Any outdoor space is better than no outdoor space. Even the kind of deck that we call a “penalty box”—the type you’ve probably seen attached to one side of a house, sometimes on the second floor, with no sun protection and no way to get down to the ground—even that is better than no outdoor space at all.
Municipalities require permits for new deck construction, but not all contractors or homeowners file the appropriate paperwork, so many decks aren’t inspected or even built safely.
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If you’re buying a home with a deck, ask your home inspector for a thorough inspection. If you have a deck, annual inspections are your best bet to ensure that it’s structurally sound.
Split or decaying wood:
Check several areas of the deck to be sure the wood is still sound. This includes the ledger board (where the deck attaches to the house and a common source of deck failure), support posts and joists under the deck (if you can reach them), deck boards, railings and stairs. Pay special attention to any areas that tend to remain damp, are regularly exposed to water or are in contact with fasteners. Use a tool such as an ice pick or screwdriver to penetrate the wood surface. If you can easily penetrate one-fourth to one-half inch, break off a sliver of wood without splinters, or the wood is soft and spongy, decay may be present. If your deck coating has worn away, clean and waterproof it again to prevent decay. Look for small holes in the wood, which may indicate insects.
Railings and banisters:
These should be secure to be sure there is no give. Also, check to be sure they are high enough (most codes require a 36-inch-high railing and usually encourage 42-inch-high railings) with rails no more than 4 inches apart (measured from the inside of the rails) to keep small children and pets from squeezing through. This is more important the higher your desk is off the ground.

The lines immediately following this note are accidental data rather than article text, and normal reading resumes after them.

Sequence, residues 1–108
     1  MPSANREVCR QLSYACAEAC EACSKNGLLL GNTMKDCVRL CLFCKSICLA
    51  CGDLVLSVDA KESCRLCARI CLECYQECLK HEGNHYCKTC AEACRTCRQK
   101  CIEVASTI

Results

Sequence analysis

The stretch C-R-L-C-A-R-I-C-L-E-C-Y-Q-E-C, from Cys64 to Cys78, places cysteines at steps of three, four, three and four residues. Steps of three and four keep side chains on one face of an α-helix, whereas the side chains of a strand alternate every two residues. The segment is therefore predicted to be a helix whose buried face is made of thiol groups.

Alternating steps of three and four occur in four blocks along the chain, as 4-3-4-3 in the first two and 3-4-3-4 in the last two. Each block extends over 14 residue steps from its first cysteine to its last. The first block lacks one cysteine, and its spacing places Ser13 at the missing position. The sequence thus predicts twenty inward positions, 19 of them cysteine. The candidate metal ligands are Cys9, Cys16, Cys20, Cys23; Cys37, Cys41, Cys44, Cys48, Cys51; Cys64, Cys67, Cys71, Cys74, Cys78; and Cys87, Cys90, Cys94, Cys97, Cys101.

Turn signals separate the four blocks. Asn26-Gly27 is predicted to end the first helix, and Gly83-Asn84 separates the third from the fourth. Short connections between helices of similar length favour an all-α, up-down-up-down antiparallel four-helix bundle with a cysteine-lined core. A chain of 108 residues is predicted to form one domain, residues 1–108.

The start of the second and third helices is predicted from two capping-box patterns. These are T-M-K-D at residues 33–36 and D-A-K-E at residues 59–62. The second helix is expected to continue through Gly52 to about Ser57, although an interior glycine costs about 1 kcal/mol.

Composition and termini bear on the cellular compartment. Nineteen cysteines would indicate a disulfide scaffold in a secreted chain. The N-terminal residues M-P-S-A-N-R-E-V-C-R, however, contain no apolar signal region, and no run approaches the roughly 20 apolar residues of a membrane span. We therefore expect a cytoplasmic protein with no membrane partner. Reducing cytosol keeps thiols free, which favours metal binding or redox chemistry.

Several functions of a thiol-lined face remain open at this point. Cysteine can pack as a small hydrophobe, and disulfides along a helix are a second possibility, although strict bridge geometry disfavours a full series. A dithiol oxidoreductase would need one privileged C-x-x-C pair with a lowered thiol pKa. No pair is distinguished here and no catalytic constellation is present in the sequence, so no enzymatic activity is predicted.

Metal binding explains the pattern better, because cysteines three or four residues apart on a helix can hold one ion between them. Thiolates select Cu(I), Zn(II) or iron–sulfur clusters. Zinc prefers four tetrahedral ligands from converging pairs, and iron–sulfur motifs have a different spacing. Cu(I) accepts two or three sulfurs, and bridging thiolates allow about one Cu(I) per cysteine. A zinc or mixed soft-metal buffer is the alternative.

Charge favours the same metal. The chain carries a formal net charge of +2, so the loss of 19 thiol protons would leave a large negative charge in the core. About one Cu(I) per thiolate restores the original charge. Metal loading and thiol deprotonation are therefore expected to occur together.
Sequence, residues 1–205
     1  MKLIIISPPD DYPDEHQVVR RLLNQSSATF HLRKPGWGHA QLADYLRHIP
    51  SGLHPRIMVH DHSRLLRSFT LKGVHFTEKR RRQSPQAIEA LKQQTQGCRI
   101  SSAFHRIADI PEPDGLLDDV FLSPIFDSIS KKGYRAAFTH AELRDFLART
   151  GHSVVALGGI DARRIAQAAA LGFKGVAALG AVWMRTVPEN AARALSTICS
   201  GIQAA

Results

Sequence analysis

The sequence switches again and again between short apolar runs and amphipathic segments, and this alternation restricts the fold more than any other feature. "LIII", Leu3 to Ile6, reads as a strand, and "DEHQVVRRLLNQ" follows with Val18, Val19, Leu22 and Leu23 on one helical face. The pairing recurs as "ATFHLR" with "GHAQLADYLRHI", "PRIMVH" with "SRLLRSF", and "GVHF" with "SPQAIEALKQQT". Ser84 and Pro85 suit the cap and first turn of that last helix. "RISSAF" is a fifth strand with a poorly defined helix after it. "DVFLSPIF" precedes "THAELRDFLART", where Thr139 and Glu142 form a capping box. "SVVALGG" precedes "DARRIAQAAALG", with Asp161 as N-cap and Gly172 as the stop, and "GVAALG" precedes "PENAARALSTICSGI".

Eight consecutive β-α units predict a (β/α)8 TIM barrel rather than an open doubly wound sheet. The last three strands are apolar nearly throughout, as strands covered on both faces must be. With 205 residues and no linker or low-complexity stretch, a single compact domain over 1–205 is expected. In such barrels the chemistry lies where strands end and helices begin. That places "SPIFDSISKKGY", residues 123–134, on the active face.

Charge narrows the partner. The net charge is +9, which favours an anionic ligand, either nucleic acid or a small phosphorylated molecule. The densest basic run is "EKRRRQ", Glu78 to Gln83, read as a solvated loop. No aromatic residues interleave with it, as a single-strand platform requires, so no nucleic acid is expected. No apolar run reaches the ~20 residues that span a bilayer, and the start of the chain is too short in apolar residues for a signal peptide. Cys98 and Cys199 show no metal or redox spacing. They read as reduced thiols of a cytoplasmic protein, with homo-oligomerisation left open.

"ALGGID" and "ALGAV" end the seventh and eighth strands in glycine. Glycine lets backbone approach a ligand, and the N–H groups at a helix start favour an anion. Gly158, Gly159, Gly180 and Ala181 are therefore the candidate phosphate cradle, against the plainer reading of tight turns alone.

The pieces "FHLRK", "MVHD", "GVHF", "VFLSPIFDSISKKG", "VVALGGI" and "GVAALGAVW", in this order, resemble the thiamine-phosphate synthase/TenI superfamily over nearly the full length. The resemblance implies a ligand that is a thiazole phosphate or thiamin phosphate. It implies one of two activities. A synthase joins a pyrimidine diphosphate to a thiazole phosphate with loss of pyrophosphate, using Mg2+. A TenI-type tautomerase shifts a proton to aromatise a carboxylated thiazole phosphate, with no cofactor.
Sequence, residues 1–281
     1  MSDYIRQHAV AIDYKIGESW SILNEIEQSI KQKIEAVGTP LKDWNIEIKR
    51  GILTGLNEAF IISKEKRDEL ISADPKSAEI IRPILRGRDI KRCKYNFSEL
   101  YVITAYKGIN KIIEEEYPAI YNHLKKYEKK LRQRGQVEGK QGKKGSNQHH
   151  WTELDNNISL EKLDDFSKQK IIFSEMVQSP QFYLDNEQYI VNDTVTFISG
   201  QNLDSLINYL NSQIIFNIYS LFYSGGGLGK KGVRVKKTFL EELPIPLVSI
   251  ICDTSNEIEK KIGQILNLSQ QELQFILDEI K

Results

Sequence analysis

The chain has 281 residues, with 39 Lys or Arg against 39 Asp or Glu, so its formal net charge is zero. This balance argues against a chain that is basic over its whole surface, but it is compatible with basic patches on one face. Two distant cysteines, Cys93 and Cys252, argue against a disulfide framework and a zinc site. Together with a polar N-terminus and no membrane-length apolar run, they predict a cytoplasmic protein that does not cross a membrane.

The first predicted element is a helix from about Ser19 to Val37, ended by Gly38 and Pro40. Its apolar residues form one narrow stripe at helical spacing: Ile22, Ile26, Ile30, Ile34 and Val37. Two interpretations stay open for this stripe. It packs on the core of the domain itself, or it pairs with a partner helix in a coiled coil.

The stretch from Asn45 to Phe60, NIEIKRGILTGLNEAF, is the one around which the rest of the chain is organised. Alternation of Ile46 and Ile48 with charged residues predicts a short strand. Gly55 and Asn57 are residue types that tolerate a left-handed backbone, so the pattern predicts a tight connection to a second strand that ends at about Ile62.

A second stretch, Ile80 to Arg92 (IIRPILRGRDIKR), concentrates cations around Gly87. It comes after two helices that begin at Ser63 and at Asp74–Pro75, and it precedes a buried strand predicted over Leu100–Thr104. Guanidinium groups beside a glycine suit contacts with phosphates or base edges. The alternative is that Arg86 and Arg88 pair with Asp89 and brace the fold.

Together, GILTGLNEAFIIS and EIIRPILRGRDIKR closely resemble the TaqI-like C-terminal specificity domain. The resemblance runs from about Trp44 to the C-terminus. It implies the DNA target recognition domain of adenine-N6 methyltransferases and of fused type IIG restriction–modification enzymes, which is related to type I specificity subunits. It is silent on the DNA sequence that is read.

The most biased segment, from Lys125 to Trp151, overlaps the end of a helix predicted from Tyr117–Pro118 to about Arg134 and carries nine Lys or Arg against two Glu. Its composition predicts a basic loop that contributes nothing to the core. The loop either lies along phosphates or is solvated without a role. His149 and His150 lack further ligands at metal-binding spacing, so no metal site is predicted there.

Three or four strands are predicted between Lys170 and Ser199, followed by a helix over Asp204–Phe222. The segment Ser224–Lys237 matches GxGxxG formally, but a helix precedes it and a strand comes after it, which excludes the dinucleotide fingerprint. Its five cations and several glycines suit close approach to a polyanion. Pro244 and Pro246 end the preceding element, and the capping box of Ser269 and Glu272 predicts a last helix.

Check any railings or handrails to be sure they are firmly held in place. Also ensure that risers and stringers are securely attached and not decayed.If the area behind the stair treads is open, this opening should be no more than 4 inches high. Always keep stair pathways clear of planters, decor, toys and other items that can be tripping hazards.
This is a metal or plastic guard that directs water out and away from sensitive areas. It’s often installed where the deck and house come together, keeping moisture and debris from collecting between the house and the deck’s ledger board. Be certain the flashing is sound and firmly in place. Consider adding or replacing flashing if you notice areas that are obviously allowing water to collect.
Lighting and electrical:
Be sure all lighting is working. Clean light covers to allow maximum light, and trim plants or tree limbs that may be blocking the light. Be sure all electrical outlets, appliances and features are up to code, in good condition, and childproof if children are present. Watch that any electrical cords do not present a tripping hazard.
Cleaning and maintenance:
Clean away any leaves and debris, since these can be slippery and promote mildew. If mildew is present or the deck coating has worn away, clean and apply a new waterproof coating. It can help prevent split, decayed wood and loosened fasteners.
Loose or corroded fasteners:
Fasteners include nails, screws or anchors in the ledger board. Tighten any loose fasteners, and pound in any nails. (Note: The ledger should not be fastened with only nails.) If a fastener appears rusted or corroded, consider replacing it. A corroded fastener can cause deterioration in surrounding wood. The deck or stairs should appear even without sagging and should not sway or move when tested.
If you have trees overhanging your deck, make certain there is no danger of decaying limbs breaking free and falling on the deck.